CASE #4: G. G. Toys 1. Do you recommend that G. G. Toys change its existing cost system in the Chicago plant? In the Springfield plant? Why or why not? G. G. Toys should change its existing cost accounting system from traditional costing to activity-based costing (ABC) in the Chicago plant as it is allocating its entire manufacturing overhead on the basis of just one cost driver: production run direct labor cost. Since overhead at the Chicago plant is high, accurate cost accounting system is required.
Different types of dolls require different amounts of machine hours, setups, production runs, shipments, etc. By using ABC, different manufacturing overhead would be allocated to each type of doll, giving result to different contribution margins. The current costing system is good for Springfield plant as it manufactures just one product: cradles. 2. Calculate the cost of a Geoffrey doll, the specialty-branded doll #106, and a cradle using the cost study conclusions. Actual unit cost for Geoffrey doll = $15. 21 Actual unit cost for speciality-branded doll #106 = $35. 10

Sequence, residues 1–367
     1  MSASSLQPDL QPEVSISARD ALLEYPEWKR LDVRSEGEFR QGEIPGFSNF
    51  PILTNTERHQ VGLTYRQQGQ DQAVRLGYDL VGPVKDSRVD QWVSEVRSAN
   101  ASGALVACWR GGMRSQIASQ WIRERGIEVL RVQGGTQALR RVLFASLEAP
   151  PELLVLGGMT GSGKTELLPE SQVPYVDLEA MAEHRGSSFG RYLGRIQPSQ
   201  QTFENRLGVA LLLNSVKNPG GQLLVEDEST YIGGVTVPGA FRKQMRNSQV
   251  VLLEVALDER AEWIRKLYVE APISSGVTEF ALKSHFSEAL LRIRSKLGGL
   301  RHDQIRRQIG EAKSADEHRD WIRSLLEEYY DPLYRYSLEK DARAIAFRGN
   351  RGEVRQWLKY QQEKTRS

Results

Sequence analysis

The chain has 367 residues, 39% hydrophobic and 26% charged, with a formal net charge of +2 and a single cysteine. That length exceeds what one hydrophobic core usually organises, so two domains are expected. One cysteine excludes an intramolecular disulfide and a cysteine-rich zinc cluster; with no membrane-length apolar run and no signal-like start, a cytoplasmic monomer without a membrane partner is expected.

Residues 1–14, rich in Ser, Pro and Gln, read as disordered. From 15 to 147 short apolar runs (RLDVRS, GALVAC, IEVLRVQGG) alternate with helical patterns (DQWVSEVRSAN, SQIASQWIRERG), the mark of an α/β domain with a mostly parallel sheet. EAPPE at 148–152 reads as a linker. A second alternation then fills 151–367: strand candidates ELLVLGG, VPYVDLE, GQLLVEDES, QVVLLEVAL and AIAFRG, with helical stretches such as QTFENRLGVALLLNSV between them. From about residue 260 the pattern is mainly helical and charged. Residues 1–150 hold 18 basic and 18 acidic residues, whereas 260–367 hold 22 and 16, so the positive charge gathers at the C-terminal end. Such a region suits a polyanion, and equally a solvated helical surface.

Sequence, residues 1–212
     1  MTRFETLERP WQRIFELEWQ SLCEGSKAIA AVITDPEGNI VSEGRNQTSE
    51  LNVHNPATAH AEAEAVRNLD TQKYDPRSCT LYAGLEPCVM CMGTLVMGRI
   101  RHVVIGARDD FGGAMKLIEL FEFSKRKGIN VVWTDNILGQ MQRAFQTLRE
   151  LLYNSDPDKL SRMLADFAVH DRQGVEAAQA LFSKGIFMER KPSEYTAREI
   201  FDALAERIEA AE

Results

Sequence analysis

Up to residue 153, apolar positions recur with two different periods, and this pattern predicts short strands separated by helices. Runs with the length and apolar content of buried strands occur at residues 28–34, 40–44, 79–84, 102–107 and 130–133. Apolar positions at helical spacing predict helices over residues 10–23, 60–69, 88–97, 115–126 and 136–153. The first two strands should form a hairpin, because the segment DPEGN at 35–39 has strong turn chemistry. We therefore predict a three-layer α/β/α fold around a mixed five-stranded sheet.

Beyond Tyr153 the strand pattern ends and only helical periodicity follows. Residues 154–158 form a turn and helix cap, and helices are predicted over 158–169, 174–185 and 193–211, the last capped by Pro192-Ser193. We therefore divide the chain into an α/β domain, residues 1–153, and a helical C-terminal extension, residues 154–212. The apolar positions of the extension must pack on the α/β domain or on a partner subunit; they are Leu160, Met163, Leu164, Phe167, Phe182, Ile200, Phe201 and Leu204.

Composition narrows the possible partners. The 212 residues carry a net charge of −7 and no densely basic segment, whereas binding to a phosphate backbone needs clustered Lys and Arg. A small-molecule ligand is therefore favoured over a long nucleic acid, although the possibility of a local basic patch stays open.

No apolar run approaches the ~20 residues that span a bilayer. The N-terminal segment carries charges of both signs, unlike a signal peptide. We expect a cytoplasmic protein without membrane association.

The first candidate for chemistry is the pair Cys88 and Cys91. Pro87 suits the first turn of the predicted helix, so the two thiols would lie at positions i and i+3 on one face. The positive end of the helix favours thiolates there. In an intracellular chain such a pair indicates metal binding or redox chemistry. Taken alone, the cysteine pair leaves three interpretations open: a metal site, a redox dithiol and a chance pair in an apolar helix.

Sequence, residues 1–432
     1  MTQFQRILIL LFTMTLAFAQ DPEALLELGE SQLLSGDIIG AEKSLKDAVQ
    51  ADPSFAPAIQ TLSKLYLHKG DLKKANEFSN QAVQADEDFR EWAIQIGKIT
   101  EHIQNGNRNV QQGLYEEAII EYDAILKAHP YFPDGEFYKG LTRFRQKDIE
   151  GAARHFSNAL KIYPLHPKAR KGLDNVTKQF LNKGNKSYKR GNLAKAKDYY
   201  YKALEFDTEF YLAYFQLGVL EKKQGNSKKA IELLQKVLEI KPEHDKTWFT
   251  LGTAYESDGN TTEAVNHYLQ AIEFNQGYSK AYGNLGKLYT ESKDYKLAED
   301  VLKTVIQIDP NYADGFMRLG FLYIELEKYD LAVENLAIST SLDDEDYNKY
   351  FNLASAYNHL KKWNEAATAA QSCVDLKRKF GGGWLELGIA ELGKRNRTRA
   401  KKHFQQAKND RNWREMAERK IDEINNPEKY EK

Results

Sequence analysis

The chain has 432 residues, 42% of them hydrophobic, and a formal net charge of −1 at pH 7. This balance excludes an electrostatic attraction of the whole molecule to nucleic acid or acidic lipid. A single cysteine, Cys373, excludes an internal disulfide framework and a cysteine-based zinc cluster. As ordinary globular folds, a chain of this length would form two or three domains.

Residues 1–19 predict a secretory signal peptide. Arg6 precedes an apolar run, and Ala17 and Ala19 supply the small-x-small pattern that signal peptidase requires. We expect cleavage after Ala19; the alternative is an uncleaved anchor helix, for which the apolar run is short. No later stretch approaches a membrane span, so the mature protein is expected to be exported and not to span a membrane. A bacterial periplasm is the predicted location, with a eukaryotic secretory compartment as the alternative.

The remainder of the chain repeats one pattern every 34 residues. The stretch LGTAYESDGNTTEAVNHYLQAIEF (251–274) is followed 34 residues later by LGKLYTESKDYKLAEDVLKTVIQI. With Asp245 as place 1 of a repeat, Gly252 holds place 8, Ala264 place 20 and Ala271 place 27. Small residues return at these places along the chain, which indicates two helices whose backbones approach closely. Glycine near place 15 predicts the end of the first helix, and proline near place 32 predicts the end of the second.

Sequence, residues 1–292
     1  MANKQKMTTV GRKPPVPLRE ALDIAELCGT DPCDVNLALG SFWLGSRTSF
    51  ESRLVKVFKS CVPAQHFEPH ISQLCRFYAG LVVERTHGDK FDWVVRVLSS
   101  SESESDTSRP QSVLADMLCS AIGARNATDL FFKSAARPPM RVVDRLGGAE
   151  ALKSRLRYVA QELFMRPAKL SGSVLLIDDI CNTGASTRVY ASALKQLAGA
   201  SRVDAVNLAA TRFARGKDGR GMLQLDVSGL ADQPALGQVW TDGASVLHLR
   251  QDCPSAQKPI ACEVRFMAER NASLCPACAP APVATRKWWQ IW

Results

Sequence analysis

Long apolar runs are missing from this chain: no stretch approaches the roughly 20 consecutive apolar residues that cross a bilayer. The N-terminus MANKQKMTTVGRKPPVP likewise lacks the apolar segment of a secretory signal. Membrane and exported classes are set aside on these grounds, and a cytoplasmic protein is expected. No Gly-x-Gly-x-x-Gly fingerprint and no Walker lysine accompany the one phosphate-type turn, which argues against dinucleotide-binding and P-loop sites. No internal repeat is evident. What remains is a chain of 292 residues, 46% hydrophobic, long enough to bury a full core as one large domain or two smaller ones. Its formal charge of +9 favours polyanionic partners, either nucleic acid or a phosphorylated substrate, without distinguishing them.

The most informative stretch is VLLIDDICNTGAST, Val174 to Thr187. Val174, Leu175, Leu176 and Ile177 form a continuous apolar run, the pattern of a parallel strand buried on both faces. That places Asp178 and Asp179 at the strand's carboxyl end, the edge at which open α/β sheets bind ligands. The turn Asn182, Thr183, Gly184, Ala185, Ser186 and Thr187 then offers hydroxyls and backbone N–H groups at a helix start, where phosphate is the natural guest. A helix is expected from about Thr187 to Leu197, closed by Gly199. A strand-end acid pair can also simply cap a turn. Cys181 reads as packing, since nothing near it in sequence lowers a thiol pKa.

Actual unit cost for cradle = $23. 72 (no change) (Calculations for these cost is shown on the next page) 3. Compare and contrast the profitability of each doll under the new and old systems. Based on your recomputed product costs, what actions would you recommend the company consider to enhance its profitability? What additional information would you like to have to make these recommendations? Under old system (Traditional Costing) Geoffrey DollSpeciality-Branded #106Cradle Standard unit cost($)19. 1923. 7423. 70 Selling price($)21. 0036. 0030. 00 Contribution margin($)1. 112. 266. 30 CM Ratio9%34%21% Under new system (Activity-Based Costing) Geoffrey DollSpeciality-Branded #106Cradle Standard unit cost($)15. 2135. 1023. 72 Selling price($)21. 0036. 0030. 00 Contribution margin($)5. 790. 906. 30 CM Ratio28%3%21% The ABC system gives results that are dramatically different from those of the traditional cost allocation system. According to the new computed unit cost, management should push marketing to emphasize the sales of Geoffrey Doll because of its large contribution margin. They can also increase the price of Specialty Doll #106.